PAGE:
I would think about later when in 1996 “Maachis” was released and I went with my parents to watch it in a theatre. I had by then heard of first-hand accounts of state brutality unleashed in the heart of Calcutta in the 1960s against innocent kids they assumed to be Naxalites. Therefore, I was aware of the length that the state could/would go to crush dissent, even if it is only assumed dissent. And that is because, in India, the law might say that one is ‘innocent until proven guilty’, but the state and the majoritarian society interprets it as ‘guilty until proven innocence’. “Maachis” opened my eyes to what constitutes a ‘terrorist’, who becomes a terrorist or is labelled as one and the failure of the state to address dissent that pushes young people towards terrorism, towards the ‘Jimmys’ of the world.
Connecting the dots with Kashmir once again, I realised why the Kashmiris did what they did. The reasons that compelled bright young people to pick up the gun to retaliate against the state operatives that they deemed oppressive. I realised even as a child growing up amidst the news of terrorism and tensions in Kashmir in the ’90s that the answer to the Kashmir issue cannot be resolved through guns, torture, disappearances and prisons, all of which the Indian state uses against Kashmiris with impunity. I condemn the fact that the Indian intellectuals and Left parties failed to use stronger words and actions against the violation of Kashmir and her people. I condemn the double standards of my fellow Calcuttans, my folks and probably an average Bengali who considers Bose, who collaborated with the Nazis to fight the British, a hero, but does not extend that same sympathetic understanding to Kashmiris and views them as terrorists who collaborate with Islamic fundamentalists even though they have the same motivation as Bose, liberation from an oppressive regime.
Today, when millions have suffered and recently, since 22-year-old Burhan Wani was killed, over 30 are dead, over 100 have been injured and some blinded by pellets (are pellet guns even legal?), even hospitals have not been spared, India’s war crimes in an internationally decried conflict zone, are only growing. The need of the hour is for the international community along with Indians who feel for Kashmir and her people to come and stand by her in her hour of crisis. They must remember that solutions are not found in violence and violence only begets violence. That perhaps the time has come for difficult dialogues, hard solutions and a way forward to ensure no more Wanis happen, no more Papa 1, no more disappeared sons, brothers, fathers and husbands, no more Kunan Poshporas, no more unmarked mass graves as admitted by the Indian Army in 2011, no more Jhelums flowing down a Kashmiri’s eyes, no more innocent lives lost.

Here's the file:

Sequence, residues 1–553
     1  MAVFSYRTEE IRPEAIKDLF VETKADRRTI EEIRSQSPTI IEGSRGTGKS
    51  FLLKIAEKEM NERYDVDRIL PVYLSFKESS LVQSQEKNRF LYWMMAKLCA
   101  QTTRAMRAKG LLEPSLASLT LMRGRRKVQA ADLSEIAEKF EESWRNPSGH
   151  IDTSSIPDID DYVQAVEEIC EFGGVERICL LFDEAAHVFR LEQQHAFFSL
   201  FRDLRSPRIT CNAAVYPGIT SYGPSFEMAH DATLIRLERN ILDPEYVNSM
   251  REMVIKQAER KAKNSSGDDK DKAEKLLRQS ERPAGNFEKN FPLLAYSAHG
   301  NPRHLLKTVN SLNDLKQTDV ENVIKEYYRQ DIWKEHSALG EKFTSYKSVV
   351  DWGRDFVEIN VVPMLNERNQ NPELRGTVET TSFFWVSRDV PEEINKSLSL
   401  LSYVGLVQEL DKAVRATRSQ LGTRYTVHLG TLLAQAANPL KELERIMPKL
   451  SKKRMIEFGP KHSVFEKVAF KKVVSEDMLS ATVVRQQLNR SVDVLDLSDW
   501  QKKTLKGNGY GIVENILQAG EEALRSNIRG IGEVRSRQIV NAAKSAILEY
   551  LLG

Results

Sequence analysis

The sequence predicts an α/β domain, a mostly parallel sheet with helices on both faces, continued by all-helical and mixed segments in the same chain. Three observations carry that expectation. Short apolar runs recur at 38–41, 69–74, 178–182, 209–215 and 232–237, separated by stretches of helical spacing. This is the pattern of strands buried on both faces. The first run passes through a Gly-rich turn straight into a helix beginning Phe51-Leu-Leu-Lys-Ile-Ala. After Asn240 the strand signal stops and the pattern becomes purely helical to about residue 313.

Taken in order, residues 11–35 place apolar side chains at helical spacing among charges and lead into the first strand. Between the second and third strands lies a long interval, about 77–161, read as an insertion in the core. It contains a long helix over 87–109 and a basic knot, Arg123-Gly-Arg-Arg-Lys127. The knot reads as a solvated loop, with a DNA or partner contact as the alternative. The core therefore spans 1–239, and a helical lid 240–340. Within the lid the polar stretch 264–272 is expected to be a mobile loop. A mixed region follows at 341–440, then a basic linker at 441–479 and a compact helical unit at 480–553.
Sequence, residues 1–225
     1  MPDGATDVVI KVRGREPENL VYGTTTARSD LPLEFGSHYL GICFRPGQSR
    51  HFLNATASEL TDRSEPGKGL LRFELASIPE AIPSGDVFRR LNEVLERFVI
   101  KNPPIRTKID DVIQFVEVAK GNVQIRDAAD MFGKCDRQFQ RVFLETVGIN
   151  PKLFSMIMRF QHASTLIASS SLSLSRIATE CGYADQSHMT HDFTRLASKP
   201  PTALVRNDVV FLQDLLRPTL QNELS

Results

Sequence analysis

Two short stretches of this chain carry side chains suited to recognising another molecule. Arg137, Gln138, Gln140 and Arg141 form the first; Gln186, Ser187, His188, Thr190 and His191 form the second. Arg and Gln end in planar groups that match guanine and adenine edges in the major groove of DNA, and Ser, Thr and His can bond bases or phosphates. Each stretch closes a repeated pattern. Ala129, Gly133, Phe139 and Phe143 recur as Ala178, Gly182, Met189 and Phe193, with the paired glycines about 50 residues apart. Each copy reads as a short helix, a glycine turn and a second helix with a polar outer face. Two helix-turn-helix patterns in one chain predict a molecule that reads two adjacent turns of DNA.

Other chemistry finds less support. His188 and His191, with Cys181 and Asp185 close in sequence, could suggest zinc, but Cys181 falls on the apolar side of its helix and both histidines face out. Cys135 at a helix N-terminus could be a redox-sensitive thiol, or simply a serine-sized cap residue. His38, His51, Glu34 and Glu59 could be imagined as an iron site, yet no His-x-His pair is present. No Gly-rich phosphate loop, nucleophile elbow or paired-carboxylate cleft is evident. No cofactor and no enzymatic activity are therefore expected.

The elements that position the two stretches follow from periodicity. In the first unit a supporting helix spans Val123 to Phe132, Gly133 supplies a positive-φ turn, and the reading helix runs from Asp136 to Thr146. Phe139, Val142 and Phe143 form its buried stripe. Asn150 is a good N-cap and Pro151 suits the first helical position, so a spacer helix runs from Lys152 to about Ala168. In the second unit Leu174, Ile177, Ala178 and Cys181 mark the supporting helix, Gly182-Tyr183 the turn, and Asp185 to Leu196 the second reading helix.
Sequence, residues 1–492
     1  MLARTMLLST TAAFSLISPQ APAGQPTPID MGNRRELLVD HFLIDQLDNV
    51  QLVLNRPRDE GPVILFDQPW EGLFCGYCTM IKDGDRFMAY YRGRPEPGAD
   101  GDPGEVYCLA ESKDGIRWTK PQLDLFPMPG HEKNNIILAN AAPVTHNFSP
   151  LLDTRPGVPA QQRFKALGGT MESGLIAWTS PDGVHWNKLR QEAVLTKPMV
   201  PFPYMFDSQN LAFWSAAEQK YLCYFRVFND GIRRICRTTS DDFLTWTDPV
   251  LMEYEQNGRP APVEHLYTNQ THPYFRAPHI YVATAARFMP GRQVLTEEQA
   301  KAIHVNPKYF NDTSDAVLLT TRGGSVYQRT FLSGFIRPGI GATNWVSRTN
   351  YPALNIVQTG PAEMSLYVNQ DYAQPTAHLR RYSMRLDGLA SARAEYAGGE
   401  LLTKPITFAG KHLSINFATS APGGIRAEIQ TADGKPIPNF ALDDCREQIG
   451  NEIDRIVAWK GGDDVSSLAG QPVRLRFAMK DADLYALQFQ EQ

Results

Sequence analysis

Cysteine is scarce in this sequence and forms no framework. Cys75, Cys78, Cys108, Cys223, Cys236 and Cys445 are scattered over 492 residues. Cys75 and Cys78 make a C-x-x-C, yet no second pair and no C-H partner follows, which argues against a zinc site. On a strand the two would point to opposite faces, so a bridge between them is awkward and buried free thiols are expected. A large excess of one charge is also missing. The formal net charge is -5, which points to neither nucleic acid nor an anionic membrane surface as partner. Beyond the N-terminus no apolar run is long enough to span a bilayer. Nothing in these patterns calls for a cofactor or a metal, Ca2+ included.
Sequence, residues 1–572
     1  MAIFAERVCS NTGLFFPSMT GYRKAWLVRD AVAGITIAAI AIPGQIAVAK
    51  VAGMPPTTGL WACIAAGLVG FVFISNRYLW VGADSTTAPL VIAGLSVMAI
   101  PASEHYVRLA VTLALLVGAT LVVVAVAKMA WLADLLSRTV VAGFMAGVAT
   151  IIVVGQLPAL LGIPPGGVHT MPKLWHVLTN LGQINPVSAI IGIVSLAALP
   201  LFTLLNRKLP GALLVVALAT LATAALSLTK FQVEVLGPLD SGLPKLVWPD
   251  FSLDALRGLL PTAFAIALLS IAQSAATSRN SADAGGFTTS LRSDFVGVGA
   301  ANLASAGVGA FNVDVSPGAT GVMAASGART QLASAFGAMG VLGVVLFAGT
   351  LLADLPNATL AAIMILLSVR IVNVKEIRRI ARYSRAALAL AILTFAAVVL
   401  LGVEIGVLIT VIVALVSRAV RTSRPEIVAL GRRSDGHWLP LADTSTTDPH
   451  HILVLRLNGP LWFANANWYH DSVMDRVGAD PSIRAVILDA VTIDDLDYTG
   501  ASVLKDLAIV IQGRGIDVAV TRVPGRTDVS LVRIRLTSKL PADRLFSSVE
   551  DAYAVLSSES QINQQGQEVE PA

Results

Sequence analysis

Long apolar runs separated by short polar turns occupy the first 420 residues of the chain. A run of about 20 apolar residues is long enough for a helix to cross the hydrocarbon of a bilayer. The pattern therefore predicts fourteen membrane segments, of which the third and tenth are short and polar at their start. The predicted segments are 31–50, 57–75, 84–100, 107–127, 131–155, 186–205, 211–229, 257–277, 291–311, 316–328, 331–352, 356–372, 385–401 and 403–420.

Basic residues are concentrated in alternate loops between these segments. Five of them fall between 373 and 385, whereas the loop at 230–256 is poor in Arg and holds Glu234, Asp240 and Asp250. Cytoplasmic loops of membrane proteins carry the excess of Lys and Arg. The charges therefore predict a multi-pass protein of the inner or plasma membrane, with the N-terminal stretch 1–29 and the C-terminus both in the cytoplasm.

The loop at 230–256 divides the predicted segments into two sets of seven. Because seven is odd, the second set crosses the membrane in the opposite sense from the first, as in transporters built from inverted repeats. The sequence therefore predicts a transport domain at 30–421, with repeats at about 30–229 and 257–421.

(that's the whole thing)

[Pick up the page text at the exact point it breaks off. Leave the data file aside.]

Let us no longer ignore the simple statement ‘aap India se ho’ and instead listen and prepare ourselves to live as humans, as Indians and as Kashmiris. As the children of the world united in universal grief and in joys, breaking away from the painful past narratives of domination, oppression and colonialists. Let us stand up, help save Kashmir even if it is from us we have to save it from.
Featured and banner image credit: Daniel Berehulak/Getty Images.